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IJGMSP (v4:n2)

Volume 4, Number 2


CONTENTS

Institution as Looting Apparatus: Interaction of gender equality and institutions on Female Entrepreneurship, Farzana Chowdhury

The influence of inter-firm relationships on Supply Chain Quality Management: A Survey of UK firms, Anabela Soares, Ebrahim Soltani and Yingying Liao

The Future of Project Management Education: Project Management - It's evolving and what we teach needs to evolve too, Diane Drumgold , Ismail Abd Rahman, Junaidah Hashim and Faridah Abdul Latif

Narrative Leadership: Creating an Environment That Works, Rabbi Rob Abramovitz



ABSTRACTS

Institution as Looting Apparatus: Interaction of gender equality and institutions on Female Entrepreneurship
Farzana Chowdhury

School of Public and Environmental Affairs in
Indiana University, Bloomington, Indiana.
E-mail: fchowdhu@indiana.edu


Abstract

The novel approach of this paper is to suggest that interaction of national level institutions and personal characteristics influence female entrepreneurship. To do this, I examine the factors that influence female entrepreneurial activity, paying particular attention to gender differences. I find that countries that have large number of female participate in the labor market and have higher level of education experience and lower level of corruption experience higher level of entrepreneurship; minimum capital required to start a business does not serve as a barrier when women are able to participate in the labor market.


Keywords: Female entrepreneurship, gender equality, institutions, corruption, human capital, regulatory environment



he influence of inter-firm relationships on Supply Chain Quality Management: A Survey of UK firms
Anabela Soares

adss2@kent.ac.uk

Professor Ebrahim Soltani

E.Soltani@kent.ac.uk
Kent Business School, Kent Business School
Kent Business School, University of Kent, Canterbury, Kent CT2 7PE, UK
Phone: (+44)7522667144

Dr. Yingying Liao

Xi'an Jiaotong-Liverpool University
yingying.liao@xjtlu.edu.cn

Abstract

Claims of the association between inter-firm relationships and the successful implementation of Supply Chain Quality Management (SCQM) practices have been long discussed in the literature. Nevertheless, these assumptions lack consistent empirical support. Using a quantitative survey approach of a sample of UK firms, this study offers a response to such void in the existing research and makes an attempt to empirically assess the impact of inter-firm relationships on SCQM practices.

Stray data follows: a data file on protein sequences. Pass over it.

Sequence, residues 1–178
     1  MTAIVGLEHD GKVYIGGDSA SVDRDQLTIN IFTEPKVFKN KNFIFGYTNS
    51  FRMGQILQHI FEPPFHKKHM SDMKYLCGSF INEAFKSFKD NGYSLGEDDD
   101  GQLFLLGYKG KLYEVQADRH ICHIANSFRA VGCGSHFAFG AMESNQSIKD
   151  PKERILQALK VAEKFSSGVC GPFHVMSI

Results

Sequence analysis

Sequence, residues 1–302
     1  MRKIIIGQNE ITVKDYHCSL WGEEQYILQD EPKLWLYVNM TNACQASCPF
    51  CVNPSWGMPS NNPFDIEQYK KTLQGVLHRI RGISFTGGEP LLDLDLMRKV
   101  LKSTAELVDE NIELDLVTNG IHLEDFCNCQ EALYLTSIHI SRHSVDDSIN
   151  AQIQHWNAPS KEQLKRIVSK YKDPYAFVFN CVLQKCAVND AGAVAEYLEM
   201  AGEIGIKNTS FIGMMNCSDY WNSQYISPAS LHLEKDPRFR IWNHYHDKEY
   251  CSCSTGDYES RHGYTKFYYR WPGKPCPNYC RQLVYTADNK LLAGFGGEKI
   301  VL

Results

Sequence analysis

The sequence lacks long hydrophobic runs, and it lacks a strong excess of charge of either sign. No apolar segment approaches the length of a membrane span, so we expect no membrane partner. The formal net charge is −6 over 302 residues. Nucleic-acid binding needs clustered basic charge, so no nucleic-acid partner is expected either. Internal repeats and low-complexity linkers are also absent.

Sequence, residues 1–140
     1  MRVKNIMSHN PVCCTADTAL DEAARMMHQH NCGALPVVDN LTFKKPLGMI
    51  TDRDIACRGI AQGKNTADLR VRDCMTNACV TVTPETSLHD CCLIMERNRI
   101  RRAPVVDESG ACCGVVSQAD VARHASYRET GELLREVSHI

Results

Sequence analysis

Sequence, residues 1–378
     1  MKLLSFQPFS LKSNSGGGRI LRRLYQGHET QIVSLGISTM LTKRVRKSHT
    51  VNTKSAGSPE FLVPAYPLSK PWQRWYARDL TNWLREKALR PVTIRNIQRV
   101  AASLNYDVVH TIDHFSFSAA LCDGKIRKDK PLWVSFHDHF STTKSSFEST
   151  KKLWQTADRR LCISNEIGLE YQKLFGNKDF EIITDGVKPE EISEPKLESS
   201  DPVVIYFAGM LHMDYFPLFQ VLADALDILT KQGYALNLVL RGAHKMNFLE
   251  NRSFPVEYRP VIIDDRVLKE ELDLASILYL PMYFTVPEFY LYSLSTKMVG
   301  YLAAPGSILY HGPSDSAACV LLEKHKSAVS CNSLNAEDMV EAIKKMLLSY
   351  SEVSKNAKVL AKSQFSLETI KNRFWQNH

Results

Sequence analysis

Findings show significant results for the association between the inter-firm relationships and SCQM. The findings present the practicing manager with two important recommendations: a need (i) to reconsider their supplier relationship management systems and (ii) to revisit their role in the implementation of quality systems across the entire supply chain networks. This study also offers the operations and supply chain management scholars an opportunity to re-examine the appropriateness of the theoretically-driven SCQM constructs for further empirical scrutiny.


Keywords: Inter-firm relationships, Supply Chain Quality Management. img src="images/MegaBackground_1px - Copy.jpg" alt="" border="0" height="2px" width="98%" style="margin-left:0px;" />

The Future of Project Management Education: Project Management - It's evolving and what we teach needs to evolve too
Diane Dromgold

RNC Global Projects
Managing Director
Sydney NSW 2000 Australia
ddromgold@rncglobal.com

Abstract

Project management education is critical to the success of all organizations. The pace of change with which we live means there are only two things going on in organizations: those that bring today's results; and those that enable tomorrow results.


Change is no longer something we work towards and then rest on arrival. Change, now is a continuous process. It is no longer discreet and contained; it is complicated and integrated into many aspects of an organization.

Change is delivered through projects. Projects no longer have the time and space to stand alone. Project managers no longer have direct or exclusive control of people contributing to the project.

Yet, most project management education focuses on the hard skills. The planning, tracking, recording, reporting – and slippage. The Project Management Body of Knowledge (PMBOK) produced by the Project Management Institute (PMI) and Prince2 have become the preferred approaches of the competent project manager and there are myriad software tools to support these approaches. I call this the science of administering projects and it relies on hard skills– they are necessary but far from sufficient to meet the needs of current and future project managers and the people who employ them.

Most project managers are faced with a task far larger and more difficult; managing across organisations, without authority or control. This paper exposes the reality of what project managers need to be able to do and asks global management educators to teach it.



Narrative Leadership: Creating an Environment That Works

Rabbi Rob Abramovitz

Marylhurst University
School of Business
17600 Pacific Highway
Marylhurst, OR 97036-0261
rabramovitz@mymail.marylhurst.edu

Abstract

Today's management practices have inefficient and ineffective ways of measuring the quality of individual managers and the decisions they make. Narrative Leadership supplies both a rational model and simple metrics for management, the employees, and the organization as a whole. The goal of Narrative Leadership is to create an environment that is efficient, responsive, and effective.